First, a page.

How Do You Define Generosity?

GUEST POST BY PAUL TRIPP


Don't you love it when someone gets you an unexpected gift, and it's something you really like as well? There is something about an unexpected present that usually makes us light up on the outside and the inside!


I think we, as Christ-followers, should be the most generous of all people because of all that God has done for us. That's why I felt so strongly about sharing this post - because I want to be challenged, and I want other Christ-followers to be challenged as well, to not just know this truth, but that the overflow of that knowledge would move us to intentionally look for opportunities to be generous to others, without expecting anything in return.


And if you like this post by Paul Tripp, then check out a follow-up post by him. I will share that link at the end of this post.




Perhaps no greater definition of generosity exists than the twelve words that form John 3:16: “For God so loved the world, that he gave his only Son.” (ESV)


What could be more generous than the birth of our Savior? His cradle wasn’t the cradle of a king. There was no fine wood, no silk sheet, or a soft velvet blanket. He was laid in a feeding trough, surrounded by barn animals. Here we are confronted by the fact that generosity is only as good as the extent of its willingness to sacrifice.


There is more: the Cross must be the ultimate definition of generosity. There is nothing that could compete with Christ’s willingness to suffer injustice, torture, and death. A perfect man was willing to bear the penalty of people who ignored his presence, stole his glory, and rebelled against his divine authority.


But Jesus wasn’t just willing; he found joy in doing so! ("For the joy that was set before him endured the cross" - Hebrews 12:2) Generosity is never begrudging or forced; it is motivated by joy more than duty. Along with the birth, death, and resurrection of Christ, here are five more ways that God displays his generosity to me and you every day.


1. The Generosity of Accepting Love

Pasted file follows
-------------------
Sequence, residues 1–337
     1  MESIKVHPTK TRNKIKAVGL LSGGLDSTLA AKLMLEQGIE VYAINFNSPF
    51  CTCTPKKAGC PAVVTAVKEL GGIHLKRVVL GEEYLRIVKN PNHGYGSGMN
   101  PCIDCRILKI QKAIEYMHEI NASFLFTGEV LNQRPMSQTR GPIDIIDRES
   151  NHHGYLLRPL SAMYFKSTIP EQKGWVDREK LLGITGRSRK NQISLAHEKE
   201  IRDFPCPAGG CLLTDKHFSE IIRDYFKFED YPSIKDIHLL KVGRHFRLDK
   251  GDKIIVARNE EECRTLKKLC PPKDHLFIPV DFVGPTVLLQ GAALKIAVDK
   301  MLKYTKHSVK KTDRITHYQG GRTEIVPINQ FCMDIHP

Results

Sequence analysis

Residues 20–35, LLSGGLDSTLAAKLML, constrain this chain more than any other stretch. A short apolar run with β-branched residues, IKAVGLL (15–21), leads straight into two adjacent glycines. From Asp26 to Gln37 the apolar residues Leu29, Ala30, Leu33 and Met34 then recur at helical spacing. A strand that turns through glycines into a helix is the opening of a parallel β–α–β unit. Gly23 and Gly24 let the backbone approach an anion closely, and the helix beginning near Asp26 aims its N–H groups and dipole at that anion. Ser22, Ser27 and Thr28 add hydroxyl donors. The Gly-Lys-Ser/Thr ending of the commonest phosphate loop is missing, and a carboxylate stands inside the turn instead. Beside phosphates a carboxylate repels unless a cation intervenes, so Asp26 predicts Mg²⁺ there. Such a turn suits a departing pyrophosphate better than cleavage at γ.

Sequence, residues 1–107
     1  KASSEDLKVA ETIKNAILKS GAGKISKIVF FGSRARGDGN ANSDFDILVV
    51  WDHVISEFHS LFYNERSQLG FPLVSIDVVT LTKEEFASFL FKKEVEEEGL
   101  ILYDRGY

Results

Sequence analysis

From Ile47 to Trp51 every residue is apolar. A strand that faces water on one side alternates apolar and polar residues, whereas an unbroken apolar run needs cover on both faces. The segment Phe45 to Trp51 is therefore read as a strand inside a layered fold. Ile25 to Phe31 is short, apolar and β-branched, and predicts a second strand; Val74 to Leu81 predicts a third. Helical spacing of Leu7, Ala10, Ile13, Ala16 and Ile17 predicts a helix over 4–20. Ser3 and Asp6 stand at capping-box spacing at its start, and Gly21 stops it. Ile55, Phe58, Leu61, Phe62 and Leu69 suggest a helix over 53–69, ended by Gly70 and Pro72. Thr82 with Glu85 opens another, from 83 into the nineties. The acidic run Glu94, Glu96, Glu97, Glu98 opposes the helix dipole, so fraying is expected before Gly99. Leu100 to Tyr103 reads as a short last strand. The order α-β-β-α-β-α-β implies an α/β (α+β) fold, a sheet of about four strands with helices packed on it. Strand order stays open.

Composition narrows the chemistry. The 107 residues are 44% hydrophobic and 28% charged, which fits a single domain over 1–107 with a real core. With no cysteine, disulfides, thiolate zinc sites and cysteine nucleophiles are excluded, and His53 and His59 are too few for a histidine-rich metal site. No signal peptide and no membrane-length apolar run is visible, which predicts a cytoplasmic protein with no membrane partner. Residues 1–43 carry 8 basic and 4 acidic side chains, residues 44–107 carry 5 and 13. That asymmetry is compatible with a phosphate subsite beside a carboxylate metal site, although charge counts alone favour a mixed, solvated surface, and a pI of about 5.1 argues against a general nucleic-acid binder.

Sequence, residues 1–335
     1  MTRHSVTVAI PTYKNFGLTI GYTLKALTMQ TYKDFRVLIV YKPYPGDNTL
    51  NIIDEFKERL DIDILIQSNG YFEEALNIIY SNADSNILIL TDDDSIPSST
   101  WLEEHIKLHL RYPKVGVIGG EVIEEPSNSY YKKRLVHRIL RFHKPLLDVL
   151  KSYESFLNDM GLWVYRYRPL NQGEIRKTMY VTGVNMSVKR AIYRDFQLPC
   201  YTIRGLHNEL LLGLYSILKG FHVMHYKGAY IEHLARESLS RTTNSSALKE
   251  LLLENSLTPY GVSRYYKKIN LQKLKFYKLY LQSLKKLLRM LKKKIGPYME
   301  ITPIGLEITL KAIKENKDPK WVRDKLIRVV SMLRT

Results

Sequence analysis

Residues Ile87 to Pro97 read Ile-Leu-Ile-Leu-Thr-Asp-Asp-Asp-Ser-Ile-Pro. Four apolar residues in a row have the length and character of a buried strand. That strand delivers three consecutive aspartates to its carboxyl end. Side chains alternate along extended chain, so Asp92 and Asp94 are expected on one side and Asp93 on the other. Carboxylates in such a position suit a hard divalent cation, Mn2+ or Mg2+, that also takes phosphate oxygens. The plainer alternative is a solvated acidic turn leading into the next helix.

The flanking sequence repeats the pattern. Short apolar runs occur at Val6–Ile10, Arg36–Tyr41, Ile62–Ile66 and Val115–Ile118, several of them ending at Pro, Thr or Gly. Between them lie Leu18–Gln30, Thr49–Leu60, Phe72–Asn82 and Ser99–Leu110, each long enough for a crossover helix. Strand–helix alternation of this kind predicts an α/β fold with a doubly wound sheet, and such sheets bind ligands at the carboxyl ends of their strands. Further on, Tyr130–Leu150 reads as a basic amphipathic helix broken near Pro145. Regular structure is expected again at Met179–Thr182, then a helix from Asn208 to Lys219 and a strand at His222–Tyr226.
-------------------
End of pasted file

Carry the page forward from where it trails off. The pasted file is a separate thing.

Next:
We don’t enjoy just freedom from guilt, shame, and punishment, but we enjoy the full rights and privileges of our new identity as the children of the King. God doesn’t tolerate us like a spurned judge who saw his guilty verdict overturned; he accepts us with the tender love of a Father.


“For you did not receive the spirit of slavery to fall back into fear, but you have received the Spirit of adoption as sons, by whom we cry, “Abba! Father!” (Romans 8:15)


2. The Generosity of Scripture

God provided what is needed for our instruction, our protection, and our ongoing transformation. His Spirit instructs us through the Word.


“All Scripture is breathed out by God and profitable for teaching, for reproof, for correction, and for training in righteousness, that the man of God may be competent, equipped for every good work.” (2 Timothy 3:16-17)


3. The Generosity of the Church

Likewise, God uses the teaching of his church and the mutual ministry of the body of Christ to encourage, confront, protect, guide, and mature us.


“The whole body, joined and held together by every joint with which it is equipped, when each part is working properly, makes the body grow so that it builds itself up in love.” (Ephesians 4:16)


4. The Generosity of Daily Mercy

With all these gifts, we still have wandering desires and fickle hearts. Yet, in the generosity of patient mercy, he doesn’t strike us in anger. No, he pours mercy down on us, mercies that are fresh every day and form-fit for the trials, temptations, opportunities, and responsibilities of each day.


“The steadfast love of the Lord never ceases; his mercies never come to an end; they are new every morning; great is your faithfulness.” (Lamentations 3:22-23)


5. The Generosity of Eternity

Not only does God generously bless us with spiritual riches in the here and now, but he invites us to an eternity that is rich beyond our imagination. In generous love, he opens the doors of the new heavens and the new earth to us, where sin, suffering, and sorrow will be no more, and we will live in peace and harmony with him and one another forever without end.


“He will wipe away every tear from their eyes, and death shall be no more, neither shall there be mourning, nor crying, nor pain anymore, for the former things have passed away.” (Revelation 21:4)


The redemptive narrative of Scripture is the world’s most compelling definition of generosity. So when he calls us to seek his kingdom rather than store up earthly treasures, he is inviting us to join his generosity mission on earth!


Won’t you participate in the story?


God bless,

Paul David Tripp



Reflection Questions:

1. Who was generous to you recently? What could they have done with their time, energy, or money that they instead gave to you?




2. What is required biblically to define generosity? Are you generous if there is no sacrifice involved? Think of a time when you were proud of your generosity when little (if any) sacrifice was required.




3. Have you ever been seemingly generous on the outside, but with a begrudging and forced heart? What was happening spiritually?




4. How have you experienced the generosity of God this week? List all the ways and number your blessings.




5. How can you stretch yourself to be uncomfortably generous this week, requiring joyful and willing sacrifice? What will you do to participate in God’s generosity narrative?





ONLINE LINK TO THIS POST: https://www.paultripp.com/wednesdays-word/posts/how-do-you-define-generosity


ONLINE LINK BY PAUL TRIPP TO FOLLOW-UP POST: https://www.paultripp.com/wednesdays-word/posts/is-our-theology-of-money-upside-down